We were successful in getting Member States to adopt a new governance framework. This is a historical moment for UN-Habitat considering that a new governance structure has been under discussion and negotiation for the past 14 years.
Equally, Member States (the UN-Habitat Committee of Permanent Representatives) endorsed the Strategic Plan 2020-2025 through which we have reshaped the strategic focus of the agency and positioned UN-Habitat well to be a center of excellence and innovation in a changing UN environment.
If you were to share one piece of advice that you learned in 2018, what would it be?
Well, since the central theme of this year was the reform of UN-Habitat, I have the following pieces of advice for anyone involved in the reform of a major international development organisation:
- Create a strong vision and build a common sense of purpose among staff around that vision;
- Establish a plan very early on in the reform process and stick to it; and
- If you are dealing with countries/Member States in your reform process, involve them fully. Establish trust and a sense of togetherness with them.
On a personal level, my advice is to be humble, always think positively and turn challenges into opportunities. When I started this job, I had no previous experience working in the UN and I just hit the ground running. All my experience was in Penang and in Malaysia as town planner and Mayor. I didn’t apply for this job; I was handpicked by the UN. So I always say to myself that I believe that God sent me to the UN; there must be a reason why and I always think of a positive reason.
I came from a poor family and I know what poverty is all about – SDG1. I know what mobility is all about because I cycled to school. I know what gender inclusion is all about because I have been jeered when I cycled to school because I was poor. Now, in this role, I want to make change happen and give back to communities.
What tool or technique particularly interests you for 2019?
In 2019, as far as technology is concerned, I am interested in everything related to frontier technologies and smart cities.
Frontier technologies are profoundly influencing the emergence of smart cities, how we build and manage our cities and human settlements, and how urban managers take more informed decisions. These currently include, among others: the internet of things, sensor networks, machine-to-machine communication, robotics, artificial intelligence, virtual and augmented reality, 3D printing, Geographic Information systems (GIS), remote sensing, autonomous unmanned vehicles, drones, blockchain, cryptographic computing, and big data processing and visualisation.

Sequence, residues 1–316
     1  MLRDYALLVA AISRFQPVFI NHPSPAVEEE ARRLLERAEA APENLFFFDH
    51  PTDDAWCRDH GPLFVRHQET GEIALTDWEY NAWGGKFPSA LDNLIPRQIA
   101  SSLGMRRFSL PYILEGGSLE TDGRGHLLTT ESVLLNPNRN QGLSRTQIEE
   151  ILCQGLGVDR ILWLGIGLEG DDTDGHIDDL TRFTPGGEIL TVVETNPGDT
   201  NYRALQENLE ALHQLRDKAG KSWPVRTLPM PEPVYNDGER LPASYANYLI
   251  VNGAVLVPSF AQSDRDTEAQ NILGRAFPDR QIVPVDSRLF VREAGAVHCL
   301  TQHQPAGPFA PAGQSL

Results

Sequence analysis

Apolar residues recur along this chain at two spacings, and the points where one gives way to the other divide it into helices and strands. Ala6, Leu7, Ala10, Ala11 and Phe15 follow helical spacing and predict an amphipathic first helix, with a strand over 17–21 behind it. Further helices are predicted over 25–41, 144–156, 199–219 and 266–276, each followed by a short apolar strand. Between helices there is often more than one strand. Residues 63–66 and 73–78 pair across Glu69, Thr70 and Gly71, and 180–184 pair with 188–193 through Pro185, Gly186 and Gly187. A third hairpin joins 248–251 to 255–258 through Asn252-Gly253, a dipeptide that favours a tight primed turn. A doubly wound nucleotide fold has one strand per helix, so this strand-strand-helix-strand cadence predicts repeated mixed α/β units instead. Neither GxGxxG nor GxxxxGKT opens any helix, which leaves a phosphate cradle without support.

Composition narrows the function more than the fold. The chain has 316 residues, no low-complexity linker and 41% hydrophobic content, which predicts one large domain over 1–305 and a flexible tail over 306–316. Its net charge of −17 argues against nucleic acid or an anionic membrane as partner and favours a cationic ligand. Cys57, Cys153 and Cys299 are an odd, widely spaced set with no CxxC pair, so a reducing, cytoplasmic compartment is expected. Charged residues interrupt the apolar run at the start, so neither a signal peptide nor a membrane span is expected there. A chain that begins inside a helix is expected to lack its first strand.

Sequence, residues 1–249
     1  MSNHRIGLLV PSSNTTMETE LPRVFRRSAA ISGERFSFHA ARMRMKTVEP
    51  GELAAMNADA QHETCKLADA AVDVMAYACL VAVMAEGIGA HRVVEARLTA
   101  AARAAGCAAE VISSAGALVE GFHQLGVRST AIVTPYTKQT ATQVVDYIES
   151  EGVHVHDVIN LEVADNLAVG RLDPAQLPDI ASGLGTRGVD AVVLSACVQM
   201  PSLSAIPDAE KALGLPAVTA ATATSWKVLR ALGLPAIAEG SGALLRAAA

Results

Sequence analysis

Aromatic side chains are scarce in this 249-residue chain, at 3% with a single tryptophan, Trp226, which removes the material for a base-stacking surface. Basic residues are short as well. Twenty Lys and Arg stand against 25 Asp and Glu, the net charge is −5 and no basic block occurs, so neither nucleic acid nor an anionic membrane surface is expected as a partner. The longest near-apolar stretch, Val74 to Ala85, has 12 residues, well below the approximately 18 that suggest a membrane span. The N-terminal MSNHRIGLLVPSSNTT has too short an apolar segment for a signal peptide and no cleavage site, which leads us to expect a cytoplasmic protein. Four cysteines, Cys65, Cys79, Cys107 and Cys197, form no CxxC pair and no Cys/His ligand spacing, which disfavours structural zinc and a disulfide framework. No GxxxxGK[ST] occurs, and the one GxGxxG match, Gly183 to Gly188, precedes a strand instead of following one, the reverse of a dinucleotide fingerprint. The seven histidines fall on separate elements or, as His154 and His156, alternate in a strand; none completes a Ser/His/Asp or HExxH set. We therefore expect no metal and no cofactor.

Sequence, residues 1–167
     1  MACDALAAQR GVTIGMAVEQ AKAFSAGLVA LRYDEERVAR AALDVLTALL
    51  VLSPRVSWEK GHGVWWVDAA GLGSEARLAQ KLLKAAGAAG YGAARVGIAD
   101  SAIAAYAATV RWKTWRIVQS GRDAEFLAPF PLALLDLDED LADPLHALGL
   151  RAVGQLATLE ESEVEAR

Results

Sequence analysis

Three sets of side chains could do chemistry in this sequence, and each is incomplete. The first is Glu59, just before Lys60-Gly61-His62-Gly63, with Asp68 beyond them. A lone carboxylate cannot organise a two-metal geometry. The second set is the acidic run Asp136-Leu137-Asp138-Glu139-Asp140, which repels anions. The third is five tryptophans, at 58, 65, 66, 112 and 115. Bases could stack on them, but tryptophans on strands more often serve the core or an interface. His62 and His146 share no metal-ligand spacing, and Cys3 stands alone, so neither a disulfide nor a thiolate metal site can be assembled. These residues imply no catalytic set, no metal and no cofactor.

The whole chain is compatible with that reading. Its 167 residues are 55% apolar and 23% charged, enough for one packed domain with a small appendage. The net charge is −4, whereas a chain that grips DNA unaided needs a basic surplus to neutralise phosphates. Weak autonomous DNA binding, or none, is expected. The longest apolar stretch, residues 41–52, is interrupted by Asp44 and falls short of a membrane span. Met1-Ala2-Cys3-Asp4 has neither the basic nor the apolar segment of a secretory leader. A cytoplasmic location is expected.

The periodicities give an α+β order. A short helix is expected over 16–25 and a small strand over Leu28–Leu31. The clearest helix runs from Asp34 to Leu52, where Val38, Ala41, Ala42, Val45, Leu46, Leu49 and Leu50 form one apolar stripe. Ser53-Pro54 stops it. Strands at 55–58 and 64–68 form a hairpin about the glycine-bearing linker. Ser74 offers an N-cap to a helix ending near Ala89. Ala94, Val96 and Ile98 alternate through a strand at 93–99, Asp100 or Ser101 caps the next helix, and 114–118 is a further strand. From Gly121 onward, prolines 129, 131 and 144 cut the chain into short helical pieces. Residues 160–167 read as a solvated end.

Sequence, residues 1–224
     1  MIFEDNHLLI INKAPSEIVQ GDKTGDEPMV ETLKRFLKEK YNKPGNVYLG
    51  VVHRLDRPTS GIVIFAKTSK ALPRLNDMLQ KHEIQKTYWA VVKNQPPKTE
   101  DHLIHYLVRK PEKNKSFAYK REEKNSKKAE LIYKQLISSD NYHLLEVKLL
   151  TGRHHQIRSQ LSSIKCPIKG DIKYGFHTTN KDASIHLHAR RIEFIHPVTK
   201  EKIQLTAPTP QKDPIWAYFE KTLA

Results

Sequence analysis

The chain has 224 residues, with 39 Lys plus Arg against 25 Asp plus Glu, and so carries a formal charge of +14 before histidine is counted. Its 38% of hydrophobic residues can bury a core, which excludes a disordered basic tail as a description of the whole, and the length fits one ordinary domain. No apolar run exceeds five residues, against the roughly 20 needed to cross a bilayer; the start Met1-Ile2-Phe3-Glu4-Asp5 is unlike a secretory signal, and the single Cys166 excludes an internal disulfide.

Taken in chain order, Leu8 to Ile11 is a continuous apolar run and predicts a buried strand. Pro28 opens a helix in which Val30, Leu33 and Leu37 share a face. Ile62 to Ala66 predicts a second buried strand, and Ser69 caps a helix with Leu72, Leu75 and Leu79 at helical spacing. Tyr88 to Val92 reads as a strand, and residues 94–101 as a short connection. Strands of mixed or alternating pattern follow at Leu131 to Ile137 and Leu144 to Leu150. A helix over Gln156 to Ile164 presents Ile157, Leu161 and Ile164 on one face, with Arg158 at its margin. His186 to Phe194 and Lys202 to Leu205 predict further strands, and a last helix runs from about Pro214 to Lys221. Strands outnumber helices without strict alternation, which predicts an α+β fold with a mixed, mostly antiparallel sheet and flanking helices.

What are your priorities for 2019?
I would like to frame my priorities for 2019 in the context of the transformation of UN-Habitat that we started this year. In this regard, my new year resolutions for 2019 are:
- To complete the reform process and get UN-Habitat to be more trusted, transparent, efficient and accountable;
- To empower and enable UN-Habitat to be an Organization fully capable to deliver on its most crucial mandate – sustainable urban development;
- To be a Centre of Excellence and Innovation on specialized matters on sustainable urban development; and
- To refocus and align UN-Habitat to deliver on our next ambitious Strategic Plan 2020-2025.
What is one skill that has helped you the most throughout the course of your career?
If you allow me, I will mention two skills: listening and patience.
I think as a leader I must be visionary and treat my staff as a partner. I listen to people and also share with my people. I believe in top to bottom and also in bottom-up convergence of ideas in the centre. You cannot just listen; you have to make a decision, that’s where leadership power comes in.
What advancements do you predict will happen in your field in the next ten years?
First, I would like to see that most people will have a shelter or housing in communities. At the city level, I foresee advancements in the areas of seamless and connected mobility as well as resource efficiency. At the Paris Peace Forum, I mentioned that this is not only the internet of things; now people talk about the internet of trust, creativity and innovation.
I foresee the emergence of smart cities that have transitioned to a fully circular economy with zero waste. You must have an integrated, holistic sustainable development plan connecting all as an ecosystem. We cannot just look at housing and waste separately.
And of course, gender mainstreaming is very close to my heart since my time as Mayor of Seberang Perai in Malaysia.
Coffee, yoga, music… what powers you through your day?
I would say coffee. But more important the passion I have for my job, to improve quality of life for all in a world that is increasingly urbanising, and the vitamin P (as in passion) I get out of it, powers me through my days.
Also my belief in myself keeps me going and give me the spirit and strength to go. And furthermore, I have a very good husband who has followed me to Nairobi and this has given me a good push to go further.